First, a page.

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Communicating with people who are absent with stress

Stress-related absence can appear to be a difficult issue for managers to deal with. There is still a stigma associated with mental health problems. Managers are often reluctant to communicate with absent employees because they fear they will be accused of bullying and harassment.

The following is common-sense advice and best practice in managing such situations. Nothing will work perfectly all the time, but if you do the right things, consistently, then you are less likely to have problems. If you do encounter problems, get support from appropriate sources. The worst thing you could do is to use avoidance as a coping strategy when managing stress-related absence.

Good practice includes the following:

  • Discuss the management of stress-related absence with your team while everyone is at work. A very wise manager once said the best thing for a manager to be is ‘predictable. You will have far fewer problems with communication during absence if your team members know what to expect. In fact if they have been involved in and contributed to the discussion during team meetings, all the better. Then if/when you phone up your team member the first time it will be seen as normal and expected.
  • If your organization has a policy, follow it. Make sure you know what the policy is on sickness absence, and that your team members know this as well. If there is training available, make sure everyone attends who needs to, you included. It is also advisable to check relevant policies to see if stress-related absence should be treated differently. For example, you may need to make an earlier referral to Occupational Health.
  • If a team member phones in sick, try if at all possible to take the call personally. It is good if you can agree during this first call how communication will continue, e.g. that the employee will make a follow-up call. If they don’t make the follow-up call, you should contact them.
  • Maintain regular contact. It is not harassment to maintain contact. Indeed, if communication breaks down, or contact ceases for a number of weeks or months, this can be seen very negatively by employees, that they are not missed or valued.
  • Provide reassurance, particularly about practical issues e.g. their job is not in jeopardy, money worries.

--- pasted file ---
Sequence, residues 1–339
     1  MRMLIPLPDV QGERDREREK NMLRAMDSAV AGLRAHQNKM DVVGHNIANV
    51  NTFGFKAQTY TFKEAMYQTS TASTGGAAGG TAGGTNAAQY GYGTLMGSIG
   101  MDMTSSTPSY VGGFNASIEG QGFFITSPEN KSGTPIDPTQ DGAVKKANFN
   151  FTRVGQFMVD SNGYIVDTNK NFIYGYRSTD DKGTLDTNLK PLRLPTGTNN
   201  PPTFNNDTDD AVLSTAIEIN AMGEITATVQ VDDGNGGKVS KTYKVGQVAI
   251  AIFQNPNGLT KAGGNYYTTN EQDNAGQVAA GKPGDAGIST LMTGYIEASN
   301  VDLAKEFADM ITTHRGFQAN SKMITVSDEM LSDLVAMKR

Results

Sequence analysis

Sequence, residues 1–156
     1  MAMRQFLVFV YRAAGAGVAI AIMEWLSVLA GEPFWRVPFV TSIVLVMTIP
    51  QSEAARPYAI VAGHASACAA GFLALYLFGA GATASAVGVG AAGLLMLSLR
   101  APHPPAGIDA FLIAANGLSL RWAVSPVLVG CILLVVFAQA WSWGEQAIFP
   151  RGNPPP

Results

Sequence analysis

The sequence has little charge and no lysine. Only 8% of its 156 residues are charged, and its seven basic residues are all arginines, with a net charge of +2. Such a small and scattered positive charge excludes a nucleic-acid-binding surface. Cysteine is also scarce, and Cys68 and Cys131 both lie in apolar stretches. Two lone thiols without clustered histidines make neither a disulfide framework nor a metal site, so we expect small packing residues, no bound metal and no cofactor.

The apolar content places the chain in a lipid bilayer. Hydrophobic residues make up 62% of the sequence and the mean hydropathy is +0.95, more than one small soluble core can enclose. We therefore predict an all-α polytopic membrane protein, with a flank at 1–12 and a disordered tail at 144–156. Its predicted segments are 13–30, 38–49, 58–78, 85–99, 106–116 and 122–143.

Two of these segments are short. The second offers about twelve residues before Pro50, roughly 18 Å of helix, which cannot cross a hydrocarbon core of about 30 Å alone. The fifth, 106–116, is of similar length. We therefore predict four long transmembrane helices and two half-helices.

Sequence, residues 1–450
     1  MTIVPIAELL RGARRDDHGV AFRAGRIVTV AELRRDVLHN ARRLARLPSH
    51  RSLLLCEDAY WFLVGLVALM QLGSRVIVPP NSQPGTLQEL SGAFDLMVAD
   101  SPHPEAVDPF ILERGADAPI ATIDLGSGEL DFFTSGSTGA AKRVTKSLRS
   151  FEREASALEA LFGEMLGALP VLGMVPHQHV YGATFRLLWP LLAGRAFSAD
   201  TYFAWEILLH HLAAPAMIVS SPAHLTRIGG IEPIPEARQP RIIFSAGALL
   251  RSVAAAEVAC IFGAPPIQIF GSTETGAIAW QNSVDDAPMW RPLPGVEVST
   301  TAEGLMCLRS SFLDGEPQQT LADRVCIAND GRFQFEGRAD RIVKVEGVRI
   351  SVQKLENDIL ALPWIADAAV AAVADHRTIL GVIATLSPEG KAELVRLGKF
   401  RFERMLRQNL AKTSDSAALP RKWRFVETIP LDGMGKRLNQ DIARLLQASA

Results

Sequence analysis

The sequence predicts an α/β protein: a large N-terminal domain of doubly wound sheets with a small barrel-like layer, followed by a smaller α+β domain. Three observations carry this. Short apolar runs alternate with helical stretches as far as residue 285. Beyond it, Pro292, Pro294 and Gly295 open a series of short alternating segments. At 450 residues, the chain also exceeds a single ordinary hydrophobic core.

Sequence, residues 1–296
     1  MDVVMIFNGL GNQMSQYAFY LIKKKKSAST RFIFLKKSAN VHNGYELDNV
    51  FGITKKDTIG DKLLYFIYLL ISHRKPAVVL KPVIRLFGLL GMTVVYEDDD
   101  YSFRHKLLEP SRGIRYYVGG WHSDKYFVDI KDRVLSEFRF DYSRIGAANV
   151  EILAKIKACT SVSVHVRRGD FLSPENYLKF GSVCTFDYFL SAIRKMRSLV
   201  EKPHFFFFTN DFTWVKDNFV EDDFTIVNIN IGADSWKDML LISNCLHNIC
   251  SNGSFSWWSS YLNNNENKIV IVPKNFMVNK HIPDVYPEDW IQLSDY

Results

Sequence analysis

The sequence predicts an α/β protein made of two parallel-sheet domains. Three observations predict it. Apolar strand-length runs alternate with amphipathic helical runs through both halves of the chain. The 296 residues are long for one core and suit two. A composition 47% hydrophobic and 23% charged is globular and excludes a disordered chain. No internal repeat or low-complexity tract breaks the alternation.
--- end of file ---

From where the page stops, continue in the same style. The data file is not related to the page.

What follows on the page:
• Be a good listener. Ask open questions; ask ‘what can I do to help?’; give the employee the opportunity to explain the problem; and ask about needs/wants and what support they require. Listen to what they say.
  • Explore options when appropriate. If the illness is severe and long-lasting, it may be helpful to start to explore some options, e.g. some home working a couple of days a week, phased return, other adjustments that will
    make the return to work easier and rehabilitation more successful. When dealing with long-term stress-related absence, getting options/adjustments right could make the difference between successful rehabilitation and loss of the employee.
  • Respect medical and personal boundaries. Don’t put pressure on the employee to divulge personal or medical information – it is their choice to reveal this information or not and within their rights to withhold it if they so choose.
  • Avoid excessive pressure to name a return date. Pressure of this kind while someone is in crisis will probably make this situation worse. Stress is a reaction to excessive pressure or demands, so adding to the pressure at this stage may increase the stress and prolong the illness/absence.

We have introduced a new one-day course, entitled Mental Health Awareness Training, which is designed to raise awareness of the stress response and how it impacts on mental health.  Managers will not only learn some of the signs and symptoms of the most common mental health disorders but will also learn the most effective ways of managing someone with either a suspected or diagnosed condition.  Discovering how to help their staff cope when a team member is suspected of or diagnosed with a mental health condition is also covered.


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